This means gains of $594,400, or roughly $50,000 compounded annually. These investors could have withdrawn about $50,000 every year and kept their $1 million nest egg intact.
Let's contrast this with the prescient CEF investor who instead bought one of Michael's ten unicorns that "shouldn't exist" in today's efficient financial markets. These investors are sitting on gains alone between $1.7 million and $2.8 million . Again, these are pure profits!
Don't "just" buy stocks and hope they go up in price enough to cover your living expenses. Instead, guarantee it with a savvy purchase. It could make a $2.2 million difference in just a decade.
Even if you're not trying to get really rich, I'm sure you want your money to last forever. And that's exactly what this savvy grandmother is doing as she out-earns many millionaires, including my poor rich friend.
This Grandma Makes $387,000 Last Forever
Last week I was chatting with a reader of mine who manages money for a select group of clients. He's using my No Withdrawal Portfolio to make a client's modest savings - a nice grandmother with $387,000 - last longer than she ever dreamed:
"She brought me $387,000," he said. "And wants to take out $3,000 per month for ten years."
"Well she's already withdrawn money for seven months (at $3,000 per month) and her balance has actually grown to $396,000. If the portfolio continues yielding 7% per year plus 2% per year in capital gains, and she withdraws $3,000 per month, it will pay my fees and still last her 27 years!"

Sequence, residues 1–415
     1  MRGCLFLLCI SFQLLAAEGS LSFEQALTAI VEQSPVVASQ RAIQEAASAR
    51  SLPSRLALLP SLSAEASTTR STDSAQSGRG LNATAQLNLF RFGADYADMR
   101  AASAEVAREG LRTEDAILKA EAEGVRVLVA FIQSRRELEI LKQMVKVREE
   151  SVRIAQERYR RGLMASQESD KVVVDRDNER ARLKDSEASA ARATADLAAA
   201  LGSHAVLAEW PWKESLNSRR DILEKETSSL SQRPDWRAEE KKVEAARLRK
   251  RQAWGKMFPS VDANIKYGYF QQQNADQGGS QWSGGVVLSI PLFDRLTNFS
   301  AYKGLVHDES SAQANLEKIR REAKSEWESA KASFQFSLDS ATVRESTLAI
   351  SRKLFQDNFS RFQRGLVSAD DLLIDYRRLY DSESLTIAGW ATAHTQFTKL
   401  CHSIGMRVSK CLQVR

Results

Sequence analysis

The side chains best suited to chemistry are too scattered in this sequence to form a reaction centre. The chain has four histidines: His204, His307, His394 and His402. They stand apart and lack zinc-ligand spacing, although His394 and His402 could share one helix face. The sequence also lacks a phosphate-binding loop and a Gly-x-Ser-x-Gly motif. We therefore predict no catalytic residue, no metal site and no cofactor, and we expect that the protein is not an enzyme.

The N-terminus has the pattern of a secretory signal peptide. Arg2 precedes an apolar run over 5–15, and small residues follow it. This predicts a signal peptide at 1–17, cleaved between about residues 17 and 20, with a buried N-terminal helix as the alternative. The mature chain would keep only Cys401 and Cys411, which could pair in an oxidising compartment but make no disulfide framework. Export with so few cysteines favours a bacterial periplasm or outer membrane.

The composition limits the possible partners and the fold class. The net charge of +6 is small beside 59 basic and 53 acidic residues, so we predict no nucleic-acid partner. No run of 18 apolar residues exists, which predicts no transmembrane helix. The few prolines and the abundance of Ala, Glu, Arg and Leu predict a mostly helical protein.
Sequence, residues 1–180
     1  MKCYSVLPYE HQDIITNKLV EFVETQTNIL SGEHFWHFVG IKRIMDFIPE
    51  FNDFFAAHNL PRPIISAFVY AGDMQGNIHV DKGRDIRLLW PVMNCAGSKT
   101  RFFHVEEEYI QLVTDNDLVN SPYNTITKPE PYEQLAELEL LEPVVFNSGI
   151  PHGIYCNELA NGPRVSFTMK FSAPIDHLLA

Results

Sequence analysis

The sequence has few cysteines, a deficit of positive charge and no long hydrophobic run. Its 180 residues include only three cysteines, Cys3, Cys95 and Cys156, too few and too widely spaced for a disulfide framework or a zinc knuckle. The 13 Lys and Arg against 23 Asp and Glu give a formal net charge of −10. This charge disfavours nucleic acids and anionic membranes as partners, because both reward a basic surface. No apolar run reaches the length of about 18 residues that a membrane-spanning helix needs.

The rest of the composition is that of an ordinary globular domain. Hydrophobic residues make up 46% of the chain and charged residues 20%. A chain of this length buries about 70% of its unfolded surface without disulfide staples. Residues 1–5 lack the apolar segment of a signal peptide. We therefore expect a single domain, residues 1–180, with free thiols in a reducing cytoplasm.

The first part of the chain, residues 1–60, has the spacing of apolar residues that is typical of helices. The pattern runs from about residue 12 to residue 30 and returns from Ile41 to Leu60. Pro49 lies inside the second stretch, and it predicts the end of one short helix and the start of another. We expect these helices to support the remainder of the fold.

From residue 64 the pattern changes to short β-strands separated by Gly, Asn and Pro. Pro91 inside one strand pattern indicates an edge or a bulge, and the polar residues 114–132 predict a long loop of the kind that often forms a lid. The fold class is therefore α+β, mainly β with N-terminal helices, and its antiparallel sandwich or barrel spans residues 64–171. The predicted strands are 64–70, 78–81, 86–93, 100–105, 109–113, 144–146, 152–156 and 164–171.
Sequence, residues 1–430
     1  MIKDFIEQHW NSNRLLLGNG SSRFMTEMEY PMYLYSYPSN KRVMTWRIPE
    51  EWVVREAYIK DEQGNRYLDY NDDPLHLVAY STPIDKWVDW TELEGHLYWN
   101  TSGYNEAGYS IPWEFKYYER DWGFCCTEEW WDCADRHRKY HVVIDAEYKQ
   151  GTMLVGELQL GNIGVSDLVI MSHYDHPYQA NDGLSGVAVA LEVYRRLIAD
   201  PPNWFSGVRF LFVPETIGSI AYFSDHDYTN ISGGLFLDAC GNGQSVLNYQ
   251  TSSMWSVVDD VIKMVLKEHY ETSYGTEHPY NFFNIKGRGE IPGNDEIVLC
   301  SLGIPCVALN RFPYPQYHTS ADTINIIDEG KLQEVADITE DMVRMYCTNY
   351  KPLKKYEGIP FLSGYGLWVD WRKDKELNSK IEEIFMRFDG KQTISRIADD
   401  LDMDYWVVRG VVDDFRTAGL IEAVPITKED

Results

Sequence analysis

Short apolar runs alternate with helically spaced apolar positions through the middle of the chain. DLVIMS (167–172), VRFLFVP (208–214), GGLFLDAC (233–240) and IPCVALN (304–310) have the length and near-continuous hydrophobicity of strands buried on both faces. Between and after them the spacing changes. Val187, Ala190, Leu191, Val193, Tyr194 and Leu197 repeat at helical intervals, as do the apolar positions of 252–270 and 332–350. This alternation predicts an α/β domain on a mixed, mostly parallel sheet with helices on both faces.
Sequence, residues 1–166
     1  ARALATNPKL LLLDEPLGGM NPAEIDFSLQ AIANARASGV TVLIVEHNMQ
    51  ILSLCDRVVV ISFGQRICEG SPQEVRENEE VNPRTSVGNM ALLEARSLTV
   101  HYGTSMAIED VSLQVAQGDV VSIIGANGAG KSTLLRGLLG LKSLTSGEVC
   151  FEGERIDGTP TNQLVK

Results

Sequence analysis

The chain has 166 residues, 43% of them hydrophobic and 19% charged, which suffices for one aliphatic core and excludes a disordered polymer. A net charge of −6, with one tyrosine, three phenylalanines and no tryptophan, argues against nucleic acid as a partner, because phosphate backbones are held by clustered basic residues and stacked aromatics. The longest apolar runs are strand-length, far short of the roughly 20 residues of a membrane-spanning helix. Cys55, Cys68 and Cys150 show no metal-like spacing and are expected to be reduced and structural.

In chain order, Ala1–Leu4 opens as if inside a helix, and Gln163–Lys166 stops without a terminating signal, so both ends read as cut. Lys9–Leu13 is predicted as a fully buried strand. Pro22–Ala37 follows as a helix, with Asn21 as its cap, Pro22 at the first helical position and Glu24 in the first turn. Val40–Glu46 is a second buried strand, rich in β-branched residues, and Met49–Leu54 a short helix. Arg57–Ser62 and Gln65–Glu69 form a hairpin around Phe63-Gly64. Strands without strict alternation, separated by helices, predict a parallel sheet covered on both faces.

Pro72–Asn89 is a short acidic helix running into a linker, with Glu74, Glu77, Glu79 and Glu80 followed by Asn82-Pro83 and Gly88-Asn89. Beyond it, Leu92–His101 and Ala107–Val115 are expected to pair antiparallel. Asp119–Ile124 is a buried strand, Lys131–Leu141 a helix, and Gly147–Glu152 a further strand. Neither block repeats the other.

You can easily follow in grandma's footsteps and collect 7%+ annual yields while watching your portfolio actually grow in value as well by following this 2-step formula.
The Best "No Withdrawal" Plays Today
Are there CEFs paying 7%+ today that will appreciate in price and outperform the S&P 500 in the next decade? Of course.
The key is buying those that are out-of-favor for no good reason. Buy them at a discount and watch them appreciate - while you collect their fat yields to boot.
That's exactly what my Contrarian Income Report subscribers and I did when we purchased Nuveen's NASDAQ 100 Dynamic Overwrite Fund (NASDAQ: QQQX ) in early January. We locked in a 6%+ yield at the time with the anticipation of double-digit upside. That happened in just five months as we enjoyed 20% total returns!
+20% In 5 Months - Now THAT's an Income Play
The average buy in our Contrarian Income Report portfolio pays 7.5% today. That's $75,000 you can spend every year, without touching your million. Or $37,500 per $500,000 nest egg, with the egg untouched. You get the idea.
Plus, like grandma, we have some upside on our capital as well. It's why our portfolio has returned 14.6% annualized since inception .
Want access to my best buys today? I'd love to share my full analysis, including names, tickers and buy prices. Click here to access my favorite No Withdrawal Portfolio plays right now .
The post Make Your Millionaire Friends Look Broke with These 7% Yields appeared first on InvestorPlace .
The views and opinions expressed herein are the views and opinions of the author and do not necessarily reflect those of NASDAQ, Inc.